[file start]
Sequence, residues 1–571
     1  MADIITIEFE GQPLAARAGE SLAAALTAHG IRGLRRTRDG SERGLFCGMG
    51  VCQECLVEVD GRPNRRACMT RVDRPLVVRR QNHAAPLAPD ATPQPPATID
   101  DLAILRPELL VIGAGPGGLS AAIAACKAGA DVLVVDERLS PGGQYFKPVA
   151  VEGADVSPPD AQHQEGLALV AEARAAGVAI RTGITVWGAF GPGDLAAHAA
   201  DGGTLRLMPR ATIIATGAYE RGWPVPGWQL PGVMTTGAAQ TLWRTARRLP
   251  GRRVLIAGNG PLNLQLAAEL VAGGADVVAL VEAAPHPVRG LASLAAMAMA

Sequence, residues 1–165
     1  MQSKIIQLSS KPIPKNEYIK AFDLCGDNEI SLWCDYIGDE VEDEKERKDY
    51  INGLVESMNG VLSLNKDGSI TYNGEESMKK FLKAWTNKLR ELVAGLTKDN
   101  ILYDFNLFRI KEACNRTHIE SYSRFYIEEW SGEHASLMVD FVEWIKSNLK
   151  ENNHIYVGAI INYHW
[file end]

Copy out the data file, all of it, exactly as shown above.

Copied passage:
Sequence, residues 1–571
     1  MADIITIEFE GQPLAARAGE SLAAALTAHG IRGLRRTRDG SERGLFCGMG
    51  VCQECLVEVD GRPNRRACMT RVDRPLVVRR QNHAAPLAPD ATPQPPATID
   101  DLAILRPELL VIGAGPGGLS AAIAACKAGA DVLVVDERLS PGGQYFKPVA
   151  VEGADVSPPD AQHQEGLALV AEARAAGVAI RTGITVWGAF GPGDLAAHAA
   201  DGGTLRLMPR ATIIATGAYE RGWPVPGWQL PGVMTTGAAQ TLWRTARRLP
   251  GRRVLIAGNG PLNLQLAAEL VAGGADVVAL VEAAPHPVRG LASLAAMAMA

Sequence, residues 1–165
     1  MQSKIIQLSS KPIPKNEYIK AFDLCGDNEI SLWCDYIGDE VEDEKERKDY
    51  INGLVESMNG VLSLNKDGSI TYNGEESMKK FLKAWTNKLR ELVAGLTKDN
   101  ILYDFNLFRI KEACNRTHIE SYSRFYIEEW SGEHASLMVD FVEWIKSNLK
   151  ENNHIYVGAI INYHW